• All personnel must be on a tether beyond this safety zone
safety officer6
SAFETY OFFICER
  • Scene Safety
    • Determine if the rigging location is safe
      • Loose rocks
      • Unstable overhang
      • Awareness environmental safety issues
        • Poison Oak
        • Hornet’s nest
        • Requirements for Personal Floatation Devices
safety officer7
SAFETY OFFICER
  • Scene Safety
    • Checks each member’s minimum PPE
      • Helmet
      • Gloves
      • Harness
    • Establishes a Safe Zone 6’ from edge
safety officer8
SAFETY OFFICER
  • Scene Safety
    • Responsible for selecting safe helicopter landing zone.
    • Assures an emergency medical plan is in place
    • Assures Horseplay does not occur
safety officer9
SAFETY OFFICER
  • System Safety
    • Checks each Anchor
      • Proper anchor materials
      • Proper anchor for situation
      • Bomb-proof anchor system
      • Angles
safety officer10
SAFETY OFFICER
  • System Safety
    • Checks each system to the component level
      • Knots
      • Proper carabiners in use
      • Carabiners locked
      • Proper and adequate edge protection in place
safety officer11
SAFETY OFFICER
  • System Safety
    • Checks each System
      • Adequate MA
      • Proper overall setup
      • Proper equipment used
safety officer12
SAFETY OFFICER
  • Edge Tender Safety
    • Edge tender has independent anchor
    • Edge tender is tethered before approaching the edge
safety officer13
SAFETY OFFICER
  • Operation Safety
    • Assures change-over procedures are conducted in a safe manner.
    • Assures adequate medical resources are considered when making search team assignments.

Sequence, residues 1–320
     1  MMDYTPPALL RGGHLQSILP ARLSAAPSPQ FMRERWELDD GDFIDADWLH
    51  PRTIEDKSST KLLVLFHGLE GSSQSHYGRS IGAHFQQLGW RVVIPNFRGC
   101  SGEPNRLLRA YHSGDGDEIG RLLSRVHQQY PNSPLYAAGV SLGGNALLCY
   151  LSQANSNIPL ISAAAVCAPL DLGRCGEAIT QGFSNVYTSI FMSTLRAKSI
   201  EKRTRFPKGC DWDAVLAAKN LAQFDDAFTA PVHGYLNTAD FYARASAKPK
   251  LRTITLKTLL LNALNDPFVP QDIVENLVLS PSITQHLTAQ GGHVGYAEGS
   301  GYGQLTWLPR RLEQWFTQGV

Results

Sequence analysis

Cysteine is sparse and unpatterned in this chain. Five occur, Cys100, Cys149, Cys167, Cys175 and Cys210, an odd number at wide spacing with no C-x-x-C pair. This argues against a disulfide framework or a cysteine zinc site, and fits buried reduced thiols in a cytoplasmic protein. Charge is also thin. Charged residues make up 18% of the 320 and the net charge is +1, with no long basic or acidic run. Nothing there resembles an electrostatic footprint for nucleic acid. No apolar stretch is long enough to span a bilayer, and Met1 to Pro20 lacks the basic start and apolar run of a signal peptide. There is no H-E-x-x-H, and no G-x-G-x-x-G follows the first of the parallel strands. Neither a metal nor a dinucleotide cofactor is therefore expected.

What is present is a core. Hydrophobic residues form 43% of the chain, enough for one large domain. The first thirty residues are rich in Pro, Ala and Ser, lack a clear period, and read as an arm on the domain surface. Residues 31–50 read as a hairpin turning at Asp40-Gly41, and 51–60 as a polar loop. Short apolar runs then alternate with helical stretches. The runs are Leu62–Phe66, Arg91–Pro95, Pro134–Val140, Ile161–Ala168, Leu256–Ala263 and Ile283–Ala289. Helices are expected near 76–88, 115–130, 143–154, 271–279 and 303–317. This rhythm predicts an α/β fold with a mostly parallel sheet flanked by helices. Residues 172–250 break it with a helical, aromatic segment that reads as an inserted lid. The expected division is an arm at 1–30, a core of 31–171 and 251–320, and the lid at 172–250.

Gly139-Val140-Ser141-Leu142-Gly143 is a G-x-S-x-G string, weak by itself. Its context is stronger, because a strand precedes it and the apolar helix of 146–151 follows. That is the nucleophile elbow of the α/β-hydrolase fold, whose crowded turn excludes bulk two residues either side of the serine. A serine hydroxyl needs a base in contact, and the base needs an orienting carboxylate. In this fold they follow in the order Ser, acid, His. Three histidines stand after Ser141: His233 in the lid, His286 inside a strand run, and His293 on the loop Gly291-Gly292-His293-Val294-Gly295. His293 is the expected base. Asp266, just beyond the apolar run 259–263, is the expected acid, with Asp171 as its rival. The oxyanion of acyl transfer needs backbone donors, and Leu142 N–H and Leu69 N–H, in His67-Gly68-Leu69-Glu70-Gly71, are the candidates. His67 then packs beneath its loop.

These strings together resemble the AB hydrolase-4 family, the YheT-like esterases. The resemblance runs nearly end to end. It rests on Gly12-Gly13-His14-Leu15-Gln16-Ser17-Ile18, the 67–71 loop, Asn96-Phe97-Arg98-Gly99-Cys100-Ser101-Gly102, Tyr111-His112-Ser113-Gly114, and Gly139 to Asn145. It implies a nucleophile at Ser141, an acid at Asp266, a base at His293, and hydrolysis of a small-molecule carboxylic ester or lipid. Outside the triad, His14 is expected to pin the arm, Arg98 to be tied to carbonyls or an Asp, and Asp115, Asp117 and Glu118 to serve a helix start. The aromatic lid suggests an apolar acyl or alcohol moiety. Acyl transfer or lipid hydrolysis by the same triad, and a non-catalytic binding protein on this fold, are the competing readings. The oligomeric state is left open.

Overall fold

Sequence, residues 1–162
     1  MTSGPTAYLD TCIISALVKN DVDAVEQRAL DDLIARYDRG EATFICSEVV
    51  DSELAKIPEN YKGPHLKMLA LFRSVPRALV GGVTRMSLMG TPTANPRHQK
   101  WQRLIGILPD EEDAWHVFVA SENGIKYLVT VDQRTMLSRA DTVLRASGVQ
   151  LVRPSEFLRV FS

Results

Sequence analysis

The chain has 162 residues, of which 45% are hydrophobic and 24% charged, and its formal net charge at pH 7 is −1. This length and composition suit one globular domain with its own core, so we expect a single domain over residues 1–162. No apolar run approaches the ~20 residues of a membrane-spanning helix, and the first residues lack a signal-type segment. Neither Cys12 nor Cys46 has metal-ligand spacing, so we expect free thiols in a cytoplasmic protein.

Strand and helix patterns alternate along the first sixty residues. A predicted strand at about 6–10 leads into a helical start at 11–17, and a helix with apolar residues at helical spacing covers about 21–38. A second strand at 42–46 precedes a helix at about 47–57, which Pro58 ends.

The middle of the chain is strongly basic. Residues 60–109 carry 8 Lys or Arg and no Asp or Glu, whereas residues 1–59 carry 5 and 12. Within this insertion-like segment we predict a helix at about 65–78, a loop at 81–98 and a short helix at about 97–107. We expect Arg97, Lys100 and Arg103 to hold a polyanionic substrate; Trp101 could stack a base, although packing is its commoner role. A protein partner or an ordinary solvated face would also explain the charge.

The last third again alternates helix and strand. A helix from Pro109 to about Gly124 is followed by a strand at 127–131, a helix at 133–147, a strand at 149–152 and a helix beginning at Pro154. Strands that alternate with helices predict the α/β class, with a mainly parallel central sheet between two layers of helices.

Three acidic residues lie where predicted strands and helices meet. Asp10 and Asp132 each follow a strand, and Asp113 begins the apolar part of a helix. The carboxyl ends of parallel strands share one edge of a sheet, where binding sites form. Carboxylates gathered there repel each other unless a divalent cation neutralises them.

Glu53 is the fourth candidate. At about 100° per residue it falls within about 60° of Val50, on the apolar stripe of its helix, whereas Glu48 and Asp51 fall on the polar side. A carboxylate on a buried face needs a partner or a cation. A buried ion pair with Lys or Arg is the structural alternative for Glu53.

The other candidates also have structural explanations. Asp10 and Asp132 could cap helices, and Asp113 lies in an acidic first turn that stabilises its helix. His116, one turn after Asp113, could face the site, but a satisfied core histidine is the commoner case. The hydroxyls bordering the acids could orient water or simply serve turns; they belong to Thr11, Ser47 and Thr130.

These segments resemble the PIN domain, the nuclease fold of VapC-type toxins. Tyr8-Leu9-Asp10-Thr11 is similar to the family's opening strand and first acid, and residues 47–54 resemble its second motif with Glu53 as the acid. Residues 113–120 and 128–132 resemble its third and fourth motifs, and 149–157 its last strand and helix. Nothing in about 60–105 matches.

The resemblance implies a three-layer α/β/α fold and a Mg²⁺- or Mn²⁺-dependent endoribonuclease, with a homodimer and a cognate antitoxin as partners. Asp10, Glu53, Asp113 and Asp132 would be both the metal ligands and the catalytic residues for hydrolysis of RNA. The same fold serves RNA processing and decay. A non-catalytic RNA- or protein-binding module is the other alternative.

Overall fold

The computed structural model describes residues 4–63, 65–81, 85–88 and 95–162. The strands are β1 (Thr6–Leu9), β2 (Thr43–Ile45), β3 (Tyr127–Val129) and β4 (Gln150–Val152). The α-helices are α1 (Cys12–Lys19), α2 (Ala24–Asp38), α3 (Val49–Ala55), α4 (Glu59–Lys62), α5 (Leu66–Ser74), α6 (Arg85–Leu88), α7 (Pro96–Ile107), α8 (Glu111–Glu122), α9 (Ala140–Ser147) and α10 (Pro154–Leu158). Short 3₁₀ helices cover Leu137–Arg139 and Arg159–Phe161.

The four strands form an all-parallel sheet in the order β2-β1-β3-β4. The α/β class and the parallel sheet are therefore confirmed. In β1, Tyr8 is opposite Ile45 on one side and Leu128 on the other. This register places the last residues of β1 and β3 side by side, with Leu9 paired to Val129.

safety officer14
SAFETY OFFICER
  • Operation Safety
    • Monitors the entire operation.
    • The Safety Officer can stop the operation at any time.
    • Monitor vehicle safety: sleepiness and adequate breaks on convoys.
edge tender1
EDGE TENDER
  • Edge Tender Safety
    • Edge tender has independent anchor (may share a bomber anchor point, but may not attach to system anchors)
    • Edge tender is tied into an adjustable tether before approaching the edge
    • Clears loose rocks and tripping hazards from the edge
edge tender2
EDGE TENDER
  • System Safety
    • Places ropes on appropriate edge protection
    • Assures ropes remain on edge protection.
edge tender3
EDGE TENDER
  • Attendant Safety
    • Assist attendant and stokes over the edge
edge tender4
EDGE TENDER
  • Attendant Safety
    • Weighting the system before going over the edge removes slack and stretch in the main line. 20’ of rope in operation, with a 2% stretch, will result in 3”-6” of sudden movement if system is not weighted.
      • Tightening of knots
      • Stretch of rope
      • Rigging extension
edge tender5
EDGE TENDER
  • As attendant goes over the edge, the “Lower slow” used in approaching the edge should be slowed even more,